Amanda Knox and Raffaele Sollecito have now had their convictions overturned for the November 2007 murder of British exchange student Meredith Kercher. Their original trial, often called Italy’s Trial of the Century, is now widely recognized to have been a miscarriage of justice. With the two former college students now free, the focus turns to how history will be written about the case. Probably the most important outlet is the free online encyclopedia, Wikipedia, a normally authoritative source with a long, deeply troubled history of reporting on this particular story.
At the height of the controversy, Wikipedia’s content was being repudiated by the authors of four different books about the case and had made local news in Seattle. Even Wikipedia founder, Jimbo Wales, using uncharacteristically strong language, had joined in the criticism. He talked of “censorship” and “systematic exclusion of reliable sources” to promote an agenda – an understatement.
Over the last two weeks the article has been completely rewritten by a “Super Administrator” called Slimvirgin who is thought to be the second most powerful figure at the online encyclopedia behind Mr. Wales. Slimvirgin has done a stellar job. The article now, for the most part, accurately represents the facts of the case.
But it hasn’t always been that way. For the last two years the article represented little more than a soapbox where those with an agenda of hate could use the good name of Wikipedia to promote their warped opinions about the sensational trial. Powerful Wikipedia moderators who saw Ms. Knox as guilty had hijacked the article and proceeded to break every rule in the book. They were able to ban fully a dozen editors from participation solely because they held the point of view that Ms. Knox might be innocent. If Wikipedia has simply followed its own well defined rules, the article would never have had the problems it did.
To be clear, Wikipedia is a marvelous institution and its founder Jimbo Wales is a great man. Wikipedia’s contribution to the education of our children is profound and it has never cost the taxpayers a cent.
With over 3.5 million articles, some will be in trouble and a very small number will be in big trouble. Based on the volume of talk page comments, the Murder of Meredith Kercher article may well be the most troubled and controversial article in the online encyclopedia’s history. A careful search of other articles about Israel, feminism, abortion, and other contentious topics does not produce an article of similar controversy.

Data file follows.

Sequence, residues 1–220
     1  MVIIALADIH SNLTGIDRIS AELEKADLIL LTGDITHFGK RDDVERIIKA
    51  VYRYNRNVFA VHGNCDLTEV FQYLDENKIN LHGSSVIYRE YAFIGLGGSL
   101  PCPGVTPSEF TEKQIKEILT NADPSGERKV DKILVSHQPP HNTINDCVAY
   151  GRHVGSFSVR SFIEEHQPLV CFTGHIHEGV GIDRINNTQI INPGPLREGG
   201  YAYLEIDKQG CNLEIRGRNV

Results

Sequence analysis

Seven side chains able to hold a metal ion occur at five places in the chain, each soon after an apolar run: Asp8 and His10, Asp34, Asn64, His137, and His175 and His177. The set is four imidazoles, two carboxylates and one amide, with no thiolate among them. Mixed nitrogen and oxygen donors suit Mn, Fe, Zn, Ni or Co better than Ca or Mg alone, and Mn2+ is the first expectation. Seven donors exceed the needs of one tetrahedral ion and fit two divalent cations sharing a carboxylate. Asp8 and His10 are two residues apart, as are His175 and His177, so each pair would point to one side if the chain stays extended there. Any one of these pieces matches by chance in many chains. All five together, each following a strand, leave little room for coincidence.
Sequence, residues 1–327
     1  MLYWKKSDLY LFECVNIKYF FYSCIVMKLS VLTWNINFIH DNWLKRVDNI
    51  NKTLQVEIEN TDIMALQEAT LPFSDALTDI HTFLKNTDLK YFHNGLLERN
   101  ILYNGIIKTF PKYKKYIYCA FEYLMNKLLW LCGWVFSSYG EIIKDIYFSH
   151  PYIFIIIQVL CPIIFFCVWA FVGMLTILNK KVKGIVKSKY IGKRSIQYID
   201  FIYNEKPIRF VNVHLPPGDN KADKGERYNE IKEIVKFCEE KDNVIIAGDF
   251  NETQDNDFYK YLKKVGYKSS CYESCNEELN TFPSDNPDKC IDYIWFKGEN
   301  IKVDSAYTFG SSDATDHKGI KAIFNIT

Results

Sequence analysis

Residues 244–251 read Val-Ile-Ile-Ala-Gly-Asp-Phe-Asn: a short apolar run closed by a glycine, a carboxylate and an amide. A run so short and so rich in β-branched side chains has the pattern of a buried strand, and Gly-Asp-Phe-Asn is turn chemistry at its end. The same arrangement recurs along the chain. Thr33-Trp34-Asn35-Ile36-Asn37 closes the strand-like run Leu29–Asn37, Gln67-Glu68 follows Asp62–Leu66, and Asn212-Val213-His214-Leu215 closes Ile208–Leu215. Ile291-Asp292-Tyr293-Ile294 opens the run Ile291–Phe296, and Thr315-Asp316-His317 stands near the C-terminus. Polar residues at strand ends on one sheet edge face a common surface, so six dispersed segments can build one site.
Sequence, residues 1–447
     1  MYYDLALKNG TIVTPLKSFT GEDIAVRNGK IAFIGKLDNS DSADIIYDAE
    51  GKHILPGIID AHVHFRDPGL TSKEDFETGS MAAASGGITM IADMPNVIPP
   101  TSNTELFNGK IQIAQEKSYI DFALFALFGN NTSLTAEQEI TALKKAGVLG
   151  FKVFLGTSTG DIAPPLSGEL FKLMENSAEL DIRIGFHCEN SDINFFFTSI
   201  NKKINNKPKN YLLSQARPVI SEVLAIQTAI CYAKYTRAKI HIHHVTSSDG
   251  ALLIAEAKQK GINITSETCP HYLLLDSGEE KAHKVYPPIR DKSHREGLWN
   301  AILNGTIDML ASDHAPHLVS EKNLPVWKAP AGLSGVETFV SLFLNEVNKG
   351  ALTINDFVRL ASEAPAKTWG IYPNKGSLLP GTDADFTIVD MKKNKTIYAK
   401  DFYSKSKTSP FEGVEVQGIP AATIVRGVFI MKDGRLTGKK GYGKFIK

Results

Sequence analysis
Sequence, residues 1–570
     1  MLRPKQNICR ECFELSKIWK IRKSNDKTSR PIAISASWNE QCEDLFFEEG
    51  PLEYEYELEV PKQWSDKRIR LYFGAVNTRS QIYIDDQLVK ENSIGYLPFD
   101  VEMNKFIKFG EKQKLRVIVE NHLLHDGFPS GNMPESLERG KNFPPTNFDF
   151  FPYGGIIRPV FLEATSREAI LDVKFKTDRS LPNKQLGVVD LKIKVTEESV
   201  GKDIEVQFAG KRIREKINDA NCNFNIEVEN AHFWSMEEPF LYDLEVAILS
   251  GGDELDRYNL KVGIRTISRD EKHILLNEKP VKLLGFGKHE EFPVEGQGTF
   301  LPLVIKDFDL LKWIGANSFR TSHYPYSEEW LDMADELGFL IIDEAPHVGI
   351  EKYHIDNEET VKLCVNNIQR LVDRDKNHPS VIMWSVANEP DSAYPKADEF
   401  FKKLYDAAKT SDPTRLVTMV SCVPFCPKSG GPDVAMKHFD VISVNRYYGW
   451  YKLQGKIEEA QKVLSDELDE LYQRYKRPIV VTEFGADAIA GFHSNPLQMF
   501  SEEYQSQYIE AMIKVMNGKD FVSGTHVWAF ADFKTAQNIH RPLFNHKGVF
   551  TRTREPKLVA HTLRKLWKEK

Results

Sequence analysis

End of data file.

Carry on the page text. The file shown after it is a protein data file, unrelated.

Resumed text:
Wikipedia has a unique model which has proven to be amazingly effective. With a few exceptions, anyone can sign up for a free account and edit any article. No one is required to disclose their real name. There are complicated rules and an arcane subculture that draws its fair share of, let’s just say, unique individuals. Editing can be tricky so only those with a certain degree of education can handle it.
Those who contribute can only repeat what “reliable sources” have said about a subject. You can’t argue that something is true; you have to have heard it from a reliable source. Content is expected to be written from a “neutral point of view” and they’re strict about not insulting other editors. They also worry about so-called “sock puppets”, people who seek to vote more than once through the use of multiple accounts.
In April 2010 shortly after the conviction in the original trial, a group of mostly European editors replaced the existing Murder of Meredith Kercher article with one they had written. The new article seriously misrepresented the case against Ms. Knox and in a number of other ways did not meet accepted standards. Since some of these people had achieved administrator status they were able to carefully control who would be allowed to participate. They will say that those that they blocked didn’t play by the rules or were too contentious. Don’t believe a word of it. The editors were blocked because of their point of view.
On numerous occasions these agenda driven administrators would falsely accuse other editors of defaming living persons, harassment, threats, disruptive editing, personal attacks and anything else they could dream up. Each and every one of these allegations used to expel the pro-innocence editors was completely and categorically false. Wikipedia’s Arbitration Committee has been derelict in its duties for not having moved against those who had taken control of the article.
In March 2010, I authored an online petition which carefully detailed the problems in the article. The petition now has 454 signatures including the authors of three books about the case and the director of the pre-eminent television documentary on the subject, Garfield Kennedy.
Previous versions of the article had made false assertions about bloody footprints of Ms. Knox’s at the crime scene. In fact the footprints had tested negative for blood, weren’t definitively Ms. Knox’s, and weren’t significant in any way because Ms. Knox lived there and had walked around in bare feet shortly before the victim’s body was discovered. The article deliberately downplayed information about the criminal histories of both the true killer Rudy Guede, and of the controversial prosecutor, Giuliano Mignini. The commentary of numerous reliable sources including a retired FBI agent, a sitting Seattle area judge, a CBS news correspondent, and a private investigator paid by CBS to study the case were deliberately omitted.